How to Become a Trusted Technology Advisor in 60 Days
Last week we outlined 6 tips to establish yourself as a trusted technology advisor. This week we explore 6 steps to solidify this role during the 60 day onboarding process. Following these steps will help you achieve trusted technology advisor status and ensure the onboarding process goes smoothly, quickly and ends with satisfied parties on both sides.
Step 1 – Kickoff Meeting
Normally associated with projects, kickoff meetings are also a great first step in the new client onboarding process. The kickoff meeting should start with a review of your onboarding playbook. The playbook outlines every process and procedure your team takes when bringing on a new client, including services, patch scheduling and deployment, backup procedures and schedules, and specific points of communication when trouble arises. The kickoff meeting provides the opportunity to review the playbook with your new client to set expectations and answer any questions before the onboarding process kicks into full gear.
Step 2 – FUD Report: The State of Affairs
Normally the FUD (or fear, uncertainty and doubt) report is used as a sales tool to close the deal, but it should be revisited during the onboarding process. Here you’re able to define the problems you’ll be solving during the 60 day onboarding cycle. Paint a clear picture of where the client’s IT network stands at that moment. This is also the time for the client to add anything that may have changed since your initial assessment of their environment.
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Step 3 – Monitor and Set Baselines
When a new client is brought on, it’s important to establish a baseline. You don’t want to slam your helpdesk, so give your engineers time to determine the true status of the system, adjust thresholds and resolve the noise in advance of service go-live.
Consider a mail server on older hardware. The client sends e-newsletters every Friday afternoon to all of their clients. Normally you’d want to know when the mail queue exceeds a standard size, but in this case it’s not out of the ordinary to see a spike in the queue as the mail server processes all these requests. If you don’t monitor and baseline the system during onboarding, you might end up with a technician chasing down a perceived problem, when what you’re really seeing is a normal workload for a Friday afternoon.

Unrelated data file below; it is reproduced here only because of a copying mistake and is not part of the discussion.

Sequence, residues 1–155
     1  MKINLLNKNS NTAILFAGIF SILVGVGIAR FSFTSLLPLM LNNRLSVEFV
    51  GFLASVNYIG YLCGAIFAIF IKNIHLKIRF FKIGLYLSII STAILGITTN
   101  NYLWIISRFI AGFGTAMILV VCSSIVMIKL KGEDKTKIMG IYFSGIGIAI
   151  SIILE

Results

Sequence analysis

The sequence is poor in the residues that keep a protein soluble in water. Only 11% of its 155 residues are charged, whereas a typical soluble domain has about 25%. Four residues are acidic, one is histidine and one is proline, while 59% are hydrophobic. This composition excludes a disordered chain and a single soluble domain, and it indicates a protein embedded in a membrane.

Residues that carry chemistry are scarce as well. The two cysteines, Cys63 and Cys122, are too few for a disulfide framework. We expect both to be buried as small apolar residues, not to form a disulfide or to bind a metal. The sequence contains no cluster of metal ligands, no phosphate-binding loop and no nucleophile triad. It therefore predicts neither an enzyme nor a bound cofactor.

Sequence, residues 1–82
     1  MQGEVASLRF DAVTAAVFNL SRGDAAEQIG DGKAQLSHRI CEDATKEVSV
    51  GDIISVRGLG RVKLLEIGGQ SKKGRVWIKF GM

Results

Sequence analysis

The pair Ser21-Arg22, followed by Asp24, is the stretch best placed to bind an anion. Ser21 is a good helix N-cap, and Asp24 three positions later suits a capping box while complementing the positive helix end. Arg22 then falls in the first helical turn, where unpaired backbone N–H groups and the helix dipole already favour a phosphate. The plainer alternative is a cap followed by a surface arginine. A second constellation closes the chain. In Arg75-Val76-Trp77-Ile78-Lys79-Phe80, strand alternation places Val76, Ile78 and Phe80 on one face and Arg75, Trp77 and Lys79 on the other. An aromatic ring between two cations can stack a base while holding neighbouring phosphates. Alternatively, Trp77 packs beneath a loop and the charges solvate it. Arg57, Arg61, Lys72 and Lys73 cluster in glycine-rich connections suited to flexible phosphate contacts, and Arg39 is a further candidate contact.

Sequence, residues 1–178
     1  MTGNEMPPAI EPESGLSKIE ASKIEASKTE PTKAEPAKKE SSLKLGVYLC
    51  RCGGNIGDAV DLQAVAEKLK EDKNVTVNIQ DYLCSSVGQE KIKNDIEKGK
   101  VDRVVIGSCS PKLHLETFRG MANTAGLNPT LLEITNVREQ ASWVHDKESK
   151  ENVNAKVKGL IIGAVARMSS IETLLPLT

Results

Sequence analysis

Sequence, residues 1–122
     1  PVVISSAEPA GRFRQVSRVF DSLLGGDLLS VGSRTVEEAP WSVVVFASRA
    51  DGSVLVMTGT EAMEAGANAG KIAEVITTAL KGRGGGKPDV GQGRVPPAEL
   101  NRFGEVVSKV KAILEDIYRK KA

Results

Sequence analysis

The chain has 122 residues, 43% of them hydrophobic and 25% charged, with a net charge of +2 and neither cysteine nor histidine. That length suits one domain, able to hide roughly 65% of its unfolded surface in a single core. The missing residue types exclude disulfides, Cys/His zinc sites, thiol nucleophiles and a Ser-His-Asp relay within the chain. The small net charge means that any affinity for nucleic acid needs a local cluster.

Step 4 – Communication
Communication is paramount to successful onboarding. Without communication there’s no way for you to understand your client’s perspective on the process. Schedule weekly status calls and don’t be afraid to stop by and visit for a few minutes. Visits don’t always have to be with the owner or manager either; take time to get to know your new client’s employees as well. Establishing relationships with the day-to-day users will provide a clearer, more immediate understanding of potential issues.
Step 5 – Post-FUD Report
The post-FUD report should be reviewed with your client towards the end of the 60 day onboarding cycle. The report shows the progress made in bringing the client’s infrastructure up to your standards and serves as justification for why they chose to do business with you and your team in the first place. This is also the time to address the current state of affairs in areas such as risk assessment, antivirus, patching, backups, etc.
Step 6 – The Gift
The final touch to welcoming your new client is presenting them with a gift. The gift doesn’t have to be extravagant; it can be as simple as a handwritten thank you card or a potted plant for their reception area. The point is to make it clear that you appreciate being chosen as their IT service provider.
The 60 day onboarding cycle provides a system that ensures consistency, sets a minimum standard of performance and encourages ongoing improvements. The above 6 steps will make the onboarding process as easy as possible for you and your new clients, while establishing you as a trusted technology advisor and laying the foundation for a meaningful and long lasting business relationship.